When I was starting out in game development, there was not a lot of info out there or the budding indie game developer, what was out there was generally hard to reach or not clearly documented.
One of the shining lights was Microsoft’s “Coding 4 Fun” site. There was not much to being with but what it did have was excellent. It got even better with a few of the game development series a few worthy patrons ran, one of these was the Digipen Institute.
Back in 2005 Digipen Institute of Technology in partnership with Microsoft presented a series of eight one-hour webcasts to introduce participants on how video games are produced. The main game development concepts were demonstrated via the creation of a “top-down shooter” using C # 2005 Express Editions, Microsoft’s lightweight integrated development environment designed for beginning programmers.
Participants were able to download C # 2005 Express Editions along with webcast tutorial materials to experience building the game themselves. It should be noted that the intent of this webcast series is to provide an overview of the game development process and is not designed to train participants in all aspects of C#.
These days the “Coding 4 fun” has been reduced to a blog. Do not get me wrong there is still a lot of good that goes on there, but it is more varied. Some do say though that what went on the site did form the precursor to what we have today – XNA.
Much though from the old days was lost or has become out of date in the new modern world of XNA but I am reviving some of the best from those days in a series of tutorials. I am basing it on the old material (which I will also provide links for in keeping with preserving the past) but I am also going to give it a make-over and with luck go a bit further with each series.
First off is Digipen’s 2D introduction to game development, where this showed it is colours was not just how to make a game, it changed views on how you learned game development by starting from the point of assuming no knowledge before. Most of the tutorials today and even the MS XNA help itself, assumes you already know how this all fits together.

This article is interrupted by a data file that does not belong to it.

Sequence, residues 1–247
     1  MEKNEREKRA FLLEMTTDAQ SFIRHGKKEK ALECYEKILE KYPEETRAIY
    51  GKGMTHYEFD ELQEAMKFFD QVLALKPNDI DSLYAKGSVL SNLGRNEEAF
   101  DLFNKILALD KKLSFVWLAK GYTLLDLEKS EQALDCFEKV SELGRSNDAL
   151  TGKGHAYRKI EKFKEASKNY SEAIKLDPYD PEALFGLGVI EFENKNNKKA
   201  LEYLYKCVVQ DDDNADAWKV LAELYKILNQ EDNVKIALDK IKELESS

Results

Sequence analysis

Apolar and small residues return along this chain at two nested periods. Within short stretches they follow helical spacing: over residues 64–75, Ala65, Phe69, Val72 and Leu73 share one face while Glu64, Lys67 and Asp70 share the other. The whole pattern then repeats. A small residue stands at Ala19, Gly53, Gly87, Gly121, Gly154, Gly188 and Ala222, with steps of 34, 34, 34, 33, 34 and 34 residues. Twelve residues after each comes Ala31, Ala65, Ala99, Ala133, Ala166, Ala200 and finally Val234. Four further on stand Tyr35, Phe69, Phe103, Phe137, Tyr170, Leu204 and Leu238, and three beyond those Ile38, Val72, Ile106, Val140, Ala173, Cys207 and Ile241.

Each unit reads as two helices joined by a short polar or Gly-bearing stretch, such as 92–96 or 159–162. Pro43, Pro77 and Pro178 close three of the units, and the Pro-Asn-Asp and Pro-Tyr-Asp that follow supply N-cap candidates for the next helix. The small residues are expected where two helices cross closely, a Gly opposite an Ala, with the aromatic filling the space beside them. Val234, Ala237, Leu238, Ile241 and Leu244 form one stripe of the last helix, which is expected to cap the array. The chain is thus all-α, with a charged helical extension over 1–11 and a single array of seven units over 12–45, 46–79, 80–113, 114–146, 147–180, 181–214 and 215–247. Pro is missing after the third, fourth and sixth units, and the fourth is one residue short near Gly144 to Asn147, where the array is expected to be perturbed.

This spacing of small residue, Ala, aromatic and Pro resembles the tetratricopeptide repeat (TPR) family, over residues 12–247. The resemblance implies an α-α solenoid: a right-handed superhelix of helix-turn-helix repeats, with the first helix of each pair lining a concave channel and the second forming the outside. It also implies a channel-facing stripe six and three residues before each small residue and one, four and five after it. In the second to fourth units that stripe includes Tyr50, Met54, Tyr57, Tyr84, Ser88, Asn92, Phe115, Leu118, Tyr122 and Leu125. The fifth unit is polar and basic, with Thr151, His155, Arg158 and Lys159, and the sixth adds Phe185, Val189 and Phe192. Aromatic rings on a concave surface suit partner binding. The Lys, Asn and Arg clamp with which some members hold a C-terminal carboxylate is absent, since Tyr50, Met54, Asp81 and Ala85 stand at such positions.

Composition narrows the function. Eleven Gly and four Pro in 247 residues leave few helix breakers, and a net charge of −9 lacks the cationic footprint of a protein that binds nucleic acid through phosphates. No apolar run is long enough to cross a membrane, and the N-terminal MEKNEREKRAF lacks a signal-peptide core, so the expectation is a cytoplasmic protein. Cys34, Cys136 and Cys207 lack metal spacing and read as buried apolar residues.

Session 1: Overview of Game Development Process
Session 2: Basic Programming Concepts and Introduction to C#
Session 3: Overview of Game Elements
Session 4: Introduction to Sprites and Animation
Session 5: Transformation and Collision of Sprites
Session 6: Player Control of Sprites
Session 7: Game Music and Sound Effects
Session 8: Creating Sprite Behaviour
About DigiPen Institute of Technology:
Based in Redmond, Washington, a major centre of game development in the United States, DigiPen Institute of Technology is acknowledged as a leader in interactive entertainment technology education. Since 1994,
DigiPen has been successfully educating students for careers in the video game industry as programmers, production artists and computer engineers.
DigiPen offers the following degrees:
· Master of Science in Computer Science
· Bachelor of Science in Real-time Interactive Entertainment
· Bachelor of Science in Computer Engineering
· Associate of Applied Arts in 3D Computer Animation
· Bachelor of Fine Arts in Production Animation.
For more details about Digipen’s degree programs, visit http://www.digipen.edu
DigiPen Institute of Technology also offers a number of outreach efforts to explore a career in video game development:
DigiPen also has an online program taught live by DigiPen instructors. For details, go to http://projectfun.digipen.edu
Simon (darkside) Jackson
Engineer, industry executive, research enthusiast. Avid learner with diverse interests in coding, game development, Mixed Reality (AR/VR/XR) and reinforcement learning. 25+ years of experience working in multinational corporations and startups.
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